Quality of Life Research

, Volume 25, Issue 3, pp 669–685 | Cite as

Smoking status and health-related quality of life: a longitudinal study in young adults

  • Jing Tian
  • Alison J. Venn
  • Leigh Blizzard
  • George C. Patton
  • Terry Dwyer
  • Seana L. Gall



The possibility that tobacco use affects health-related quality of life (HRQoL) has attracted interest. However, a lack of prospective evidence weakens the case for a causal relationship. The aim was to examine the longitudinal relationship between change in smoking status and change in HRQoL in young adults.


We conducted a population-based cohort study with data collected in 2004–2006 (aged 26–36) and 2009–2011 (aged 31–41). Exposure was change in self-reported smoking status during follow-up. Outcomes were changes in physical and mental HRQoL measured by SF-12.


For physical HRQoL (n = 2080), quitters had a 2.12 (95 % confidence interval (CI) 0.73, 3.51) point improvement than continuing smokers, whereas former smokers who resumed smoking had a 2.08 (95 % CI 0.21, 3.94) point reduction than those who maintained cessation. Resumed smokers were 39 % (95 % CI 10, 75 %) more likely to have a clinically significant (>5 point) reduction of physical HRQoL than former smokers who maintained cessation. In contrast, quitters were 43 % (95 % CI 3, 98 %) more likely to have a clinically significant (>5 point) improvement in physical HRQoL than continuing smokers. Change in smoking status was not significantly associated with change in mental HRQoL (n = 1788).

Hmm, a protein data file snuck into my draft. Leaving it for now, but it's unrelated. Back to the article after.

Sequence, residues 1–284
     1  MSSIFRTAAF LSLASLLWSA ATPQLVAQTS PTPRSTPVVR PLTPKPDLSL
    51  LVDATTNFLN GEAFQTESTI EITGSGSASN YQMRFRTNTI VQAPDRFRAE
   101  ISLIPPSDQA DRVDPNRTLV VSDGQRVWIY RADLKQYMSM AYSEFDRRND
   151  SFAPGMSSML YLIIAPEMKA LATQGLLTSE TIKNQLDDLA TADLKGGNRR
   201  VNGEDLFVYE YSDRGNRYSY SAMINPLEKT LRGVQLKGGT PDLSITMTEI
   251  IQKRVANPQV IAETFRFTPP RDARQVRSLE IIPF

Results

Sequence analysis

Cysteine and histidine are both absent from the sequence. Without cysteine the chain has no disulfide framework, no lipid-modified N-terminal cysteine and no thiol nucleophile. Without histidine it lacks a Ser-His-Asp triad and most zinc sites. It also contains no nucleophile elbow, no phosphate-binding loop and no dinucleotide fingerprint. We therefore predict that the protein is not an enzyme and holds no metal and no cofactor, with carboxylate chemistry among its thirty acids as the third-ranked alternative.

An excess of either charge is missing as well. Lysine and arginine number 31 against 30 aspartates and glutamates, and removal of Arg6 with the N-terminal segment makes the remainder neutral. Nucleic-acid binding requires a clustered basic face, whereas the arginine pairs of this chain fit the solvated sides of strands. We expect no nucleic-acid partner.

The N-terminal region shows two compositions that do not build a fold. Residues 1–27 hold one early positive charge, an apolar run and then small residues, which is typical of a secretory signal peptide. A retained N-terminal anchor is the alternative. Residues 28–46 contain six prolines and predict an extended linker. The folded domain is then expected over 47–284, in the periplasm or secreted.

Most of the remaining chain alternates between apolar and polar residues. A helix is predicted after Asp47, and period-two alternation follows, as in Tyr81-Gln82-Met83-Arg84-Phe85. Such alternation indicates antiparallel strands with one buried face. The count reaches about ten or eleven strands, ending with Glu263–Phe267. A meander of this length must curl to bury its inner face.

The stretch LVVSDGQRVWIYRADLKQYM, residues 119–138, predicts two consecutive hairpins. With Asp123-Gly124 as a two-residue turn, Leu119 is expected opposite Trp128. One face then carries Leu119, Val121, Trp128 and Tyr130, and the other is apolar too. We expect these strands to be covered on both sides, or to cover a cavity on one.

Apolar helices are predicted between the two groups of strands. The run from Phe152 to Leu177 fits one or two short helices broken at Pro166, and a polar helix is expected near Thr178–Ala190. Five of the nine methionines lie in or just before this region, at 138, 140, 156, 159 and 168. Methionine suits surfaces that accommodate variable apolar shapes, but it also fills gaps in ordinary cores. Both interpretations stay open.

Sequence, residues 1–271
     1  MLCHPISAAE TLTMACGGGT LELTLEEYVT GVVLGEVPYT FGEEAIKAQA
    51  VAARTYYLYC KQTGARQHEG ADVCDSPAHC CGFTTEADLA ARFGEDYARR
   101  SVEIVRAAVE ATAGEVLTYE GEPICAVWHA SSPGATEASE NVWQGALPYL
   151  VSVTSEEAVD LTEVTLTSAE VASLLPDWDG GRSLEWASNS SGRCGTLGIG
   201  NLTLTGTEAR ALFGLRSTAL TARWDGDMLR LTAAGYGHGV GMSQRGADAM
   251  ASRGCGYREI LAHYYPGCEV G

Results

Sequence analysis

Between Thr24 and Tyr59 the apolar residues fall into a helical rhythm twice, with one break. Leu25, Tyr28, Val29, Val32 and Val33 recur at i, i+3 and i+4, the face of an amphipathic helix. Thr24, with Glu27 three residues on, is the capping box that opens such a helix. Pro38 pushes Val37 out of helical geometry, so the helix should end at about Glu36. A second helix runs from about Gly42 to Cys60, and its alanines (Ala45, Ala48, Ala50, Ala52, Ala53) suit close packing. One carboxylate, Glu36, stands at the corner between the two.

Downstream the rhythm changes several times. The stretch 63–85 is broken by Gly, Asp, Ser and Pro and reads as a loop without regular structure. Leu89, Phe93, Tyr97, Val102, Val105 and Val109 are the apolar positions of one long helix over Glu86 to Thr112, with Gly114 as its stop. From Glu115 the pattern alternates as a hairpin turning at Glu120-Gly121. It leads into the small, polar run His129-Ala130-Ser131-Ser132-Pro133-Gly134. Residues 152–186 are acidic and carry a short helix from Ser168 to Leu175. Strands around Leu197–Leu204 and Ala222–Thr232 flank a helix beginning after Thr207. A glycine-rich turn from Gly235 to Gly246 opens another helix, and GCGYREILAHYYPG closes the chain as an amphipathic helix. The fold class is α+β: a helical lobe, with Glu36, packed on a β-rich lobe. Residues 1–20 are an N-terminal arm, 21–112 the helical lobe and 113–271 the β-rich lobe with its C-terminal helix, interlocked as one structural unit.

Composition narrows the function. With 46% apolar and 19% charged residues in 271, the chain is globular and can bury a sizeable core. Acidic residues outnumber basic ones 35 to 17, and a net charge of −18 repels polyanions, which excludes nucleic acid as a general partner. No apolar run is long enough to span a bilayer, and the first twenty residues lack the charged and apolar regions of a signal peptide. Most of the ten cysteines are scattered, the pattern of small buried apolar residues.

Smoking by young adults was cross-sectionally associated with lower physical HRQoL and longitudinally associated with reductions in physical HRQoL. The expectation of short- to medium-term gains in physical HRQoL as well as long-term health benefits may help motivate young adult smokers to quit.


Smoking Smoking cessation Quality of life Mental health Longitudinal studies 



This study was supported by grants from the National Heart Foundation (Grant GOOH0578 and Fellowship PH11H6047 to S.L.G.); the National Health and Medical Research Council (Grants 211316 and 544923 and fellowship APP1008299 to A.J.V.); the Tasmania Graduate Research Scholarship (to J.T.); the Tasmanian Community Fund (Grant D0013808); and Veolia Environmental Services (Sydney, New South Wales, Australia). The study was sponsored by Sanitarium Health and Wellbeing Australia (Melbourne, Victoria, Australia), ASICS Ltd. (Kobe, Japan) and Target Australia Pty. Ltd. (North Geelong, Victoria, Australia). We gratefully acknowledge the contributions of the study project manager, Marita Dalton, and all other project staff.

Compliance with ethical standards

Conflict of interest

The authors declare that they have no conflict of interest.


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Copyright information

© Springer International Publishing Switzerland 2015

Authors and Affiliations

  • Jing Tian
    • 1
  • Alison J. Venn
    • 1
  • Leigh Blizzard
    • 1
  • George C. Patton
    • 2
  • Terry Dwyer
    • 1
    • 3
  • Seana L. Gall
    • 1
  1. 1.Menzies Institute for Medical ResearchUniversity of TasmaniaHobartAustralia
  2. 2.Murdoch Childrens Research InstituteMelbourneAustralia
  3. 3.The George Institute for Global HealthUniversity of OxfordOxfordUK

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